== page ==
• The first important lesson from the success of the Beatles is to aspire for greatness. You could argue that the Beatles could have enjoyed some measure of success by recording a few decent songs sandwiched between albums full of forgettable material. After all, the Beatles initial push into America was supported by a $50,000 marketing investment from Capitol Records (a significant sum in those days), and the band had more than music going for it. But of course the Beatles and their producer George Martin did not settle for anything less than excellence. Even in the early days, the Beatles were committed to recording and releasing nothing but their best studio efforts. Paul McCartney and John Lennon were both friends, collaborators, and competitors, constantly pushing themselves to get better with their songwriting. In fact, Paul McCartney was known to become an exacting task master in the studio, especially as the band's sound became more sophisticated, demanding multiple takes of songs and dismissing the efforts of George Harrison and Ringo Starr. As a result, today every single one of the Beatles albums stands as an essential listening. In today's loud and cluttered marketplace, any band that wishes for even a glimpse of success must be absolutely uncompromising in its standards. Today it's all too easy for an aspiring artist to produce rough, unfinished drafts of music that are better off remaining on the shelf. All you need is mobile phone, some decent software, and Internet access to create music. But that doesn't mean you should.  One reason Kanye West is so successful is that he always aspires for greatness (and, of course, he'll be the first to tell you he usually succeeds). With each album and tour, he demonstrates a passion for topping his last effort. He is renowned for his standards and willingness to push himself to innovate, whether injecting daring elements of theater into his performances or sampling art rockers like King Crimson in his song. As Producer Jeff Bhasker recently said of Kanye West to Entertainment Weekly, "A lot of people know how to make an album, but [he's like,] 'How do I make the best album I've ever made again?' Especially after you've done it, like, five times." Rapper Jay Z put it even more simply to GQ: "Kanye is a perfectionist." Dick Wingate, head of BHi Music Group, recently issued a challenge for all the aspiring Kanye Wests and Paul McCartneys in an interview with me: "[Musicians must] Be GREAT, not just very good. There’s too much very good music. It doesn’t rise above the clutter. Perform every show like it’s your last, no matter how many people are in the room (Bruce Springsteen did). And do not go into being a musician to make money. The odds are you never will.  Be a musician because it’s the only thing you can do to express yourself, it’s your lifeline to the world."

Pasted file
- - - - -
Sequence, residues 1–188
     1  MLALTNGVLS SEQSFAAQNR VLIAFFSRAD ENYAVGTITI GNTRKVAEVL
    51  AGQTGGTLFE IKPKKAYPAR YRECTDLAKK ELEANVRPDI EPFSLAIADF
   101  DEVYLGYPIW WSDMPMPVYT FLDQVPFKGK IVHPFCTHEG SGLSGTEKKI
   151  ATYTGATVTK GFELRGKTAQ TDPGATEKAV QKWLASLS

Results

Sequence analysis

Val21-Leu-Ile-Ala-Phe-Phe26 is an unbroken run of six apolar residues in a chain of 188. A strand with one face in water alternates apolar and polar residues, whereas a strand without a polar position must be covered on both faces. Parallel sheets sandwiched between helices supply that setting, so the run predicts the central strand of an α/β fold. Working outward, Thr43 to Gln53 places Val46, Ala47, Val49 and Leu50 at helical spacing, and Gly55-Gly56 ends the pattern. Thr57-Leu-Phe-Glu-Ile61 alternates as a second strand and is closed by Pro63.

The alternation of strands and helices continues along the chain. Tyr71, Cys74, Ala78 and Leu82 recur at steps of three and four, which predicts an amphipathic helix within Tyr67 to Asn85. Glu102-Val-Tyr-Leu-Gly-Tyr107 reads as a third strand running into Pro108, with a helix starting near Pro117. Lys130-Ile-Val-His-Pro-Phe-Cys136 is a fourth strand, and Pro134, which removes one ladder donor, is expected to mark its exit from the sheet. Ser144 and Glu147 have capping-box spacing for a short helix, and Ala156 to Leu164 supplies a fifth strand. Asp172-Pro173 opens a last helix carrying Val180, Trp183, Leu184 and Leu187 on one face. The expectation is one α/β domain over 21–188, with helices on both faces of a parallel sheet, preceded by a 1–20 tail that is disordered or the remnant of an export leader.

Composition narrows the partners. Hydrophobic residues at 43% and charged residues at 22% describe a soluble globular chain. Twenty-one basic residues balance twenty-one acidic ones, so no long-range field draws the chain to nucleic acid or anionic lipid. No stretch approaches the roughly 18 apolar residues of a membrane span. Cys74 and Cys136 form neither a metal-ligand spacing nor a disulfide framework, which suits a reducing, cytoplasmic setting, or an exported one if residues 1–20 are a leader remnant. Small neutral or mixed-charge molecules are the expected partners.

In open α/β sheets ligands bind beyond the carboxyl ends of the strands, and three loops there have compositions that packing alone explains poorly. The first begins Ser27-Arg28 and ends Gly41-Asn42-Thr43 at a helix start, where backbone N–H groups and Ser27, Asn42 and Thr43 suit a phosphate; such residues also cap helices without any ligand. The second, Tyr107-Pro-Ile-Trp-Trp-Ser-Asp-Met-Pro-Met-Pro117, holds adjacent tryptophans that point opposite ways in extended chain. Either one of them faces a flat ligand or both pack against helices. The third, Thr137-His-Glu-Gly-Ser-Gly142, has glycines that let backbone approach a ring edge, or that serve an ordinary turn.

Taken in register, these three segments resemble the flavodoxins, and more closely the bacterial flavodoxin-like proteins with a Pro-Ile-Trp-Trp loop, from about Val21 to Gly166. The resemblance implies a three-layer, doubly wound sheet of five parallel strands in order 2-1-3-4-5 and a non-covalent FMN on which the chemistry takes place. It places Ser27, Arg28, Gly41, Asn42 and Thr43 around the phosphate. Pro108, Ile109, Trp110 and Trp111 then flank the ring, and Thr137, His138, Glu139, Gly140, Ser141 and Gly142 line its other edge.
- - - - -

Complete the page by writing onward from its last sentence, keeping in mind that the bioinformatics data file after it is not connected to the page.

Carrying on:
• The Beatles didn't just aspire to be great. They worked hard to be great. In his book Outliers, author Malcolm Gladwell asserts that it takes on average 10,000 hours of practice to achieve true expertise in a given field. And he cites the Beatles as an example, noting that before they visited America, they had been playing together for seven years. And they endured a trial by fire, playing in sweaty, crowded, and at times hostile bars in Hamburg, Germany, sometimes seven nights a week. Gladwell notes that between 1960 and 1962 alone, the Beatles traveled to Hamburg five times. On their first trip, they played 106 nights, five or more hours a night. All told, they played 270 nights in just more than a year and a half -- before they'd even recorded a lick with Sir George Martin. As Gladwell points out, by the time they had experienced their first real success in 1964, they had played together an estimated twelve hundred times, during which they honed their craft and learned how to play together. "When they came back," points out Philip Norman, author of the landmark Beatles biography Shout!, "They sounded like no one else. Hamburg was the making of them." The Beatles kept up their pace when they began recording, too. In the early going, it was down to producer Martin to push them to do take after take to wrest out of them the best sound possible, even if some of the early songs paled in comparison to the band's more mature material. As they learned how to be better songwriters, they never stopped writing, even as they were touring. It was not uncommon for the band to squeeze in the writing of songs while taking a break between concerts. Here's how Paul McCartney recalls the early years, as recounted by Mark Hertsgaard, in his book A Day in the Life: "Recalling a spare afternoon he spent in a hotel room writing 'She Loves You' with Lennon, McCartney exclaimed of the young Beatles, 'God bless their little cotton socks, those boys worked! They worked their little asses off! Here I am talking about an afternoon off and we're sitting there writing! We just loved it so much. It wasn't work." Today, bands have to work even harder than the Beatles did. Not only do today's bands have to make great music, the up-and-comers especially need to take a more hands-on role with their marketing and business management given the implosion of the music industry. To be sure, there are more tools available for artists to build their brands, ranging from content platforms like SoundCloud to social media tools such as Twitter. Daria Musk famously relied on Google+ to launch her career. Amanda Palmer has become a poster child for using Kickstarter to self-fund her music. Superstar Justin Timberlake adroitly uses Instagram to promote his song releases and his tour 24 hours a day, seven days a week. With great possibilities come many responsibilities, though. Just sustaining a brand -- let alone building it -- means a lot more than releasing an album every other or touring every summer. In our 24/7 digital universe, artists have to maintain a visible presence every day of the week just to keep pace. Even a legacy rocker like Robert Plant -- who arguably has nothing left to prove at this point in his career -- recently joined Twitter and Instagram in order to keep his brand circulating.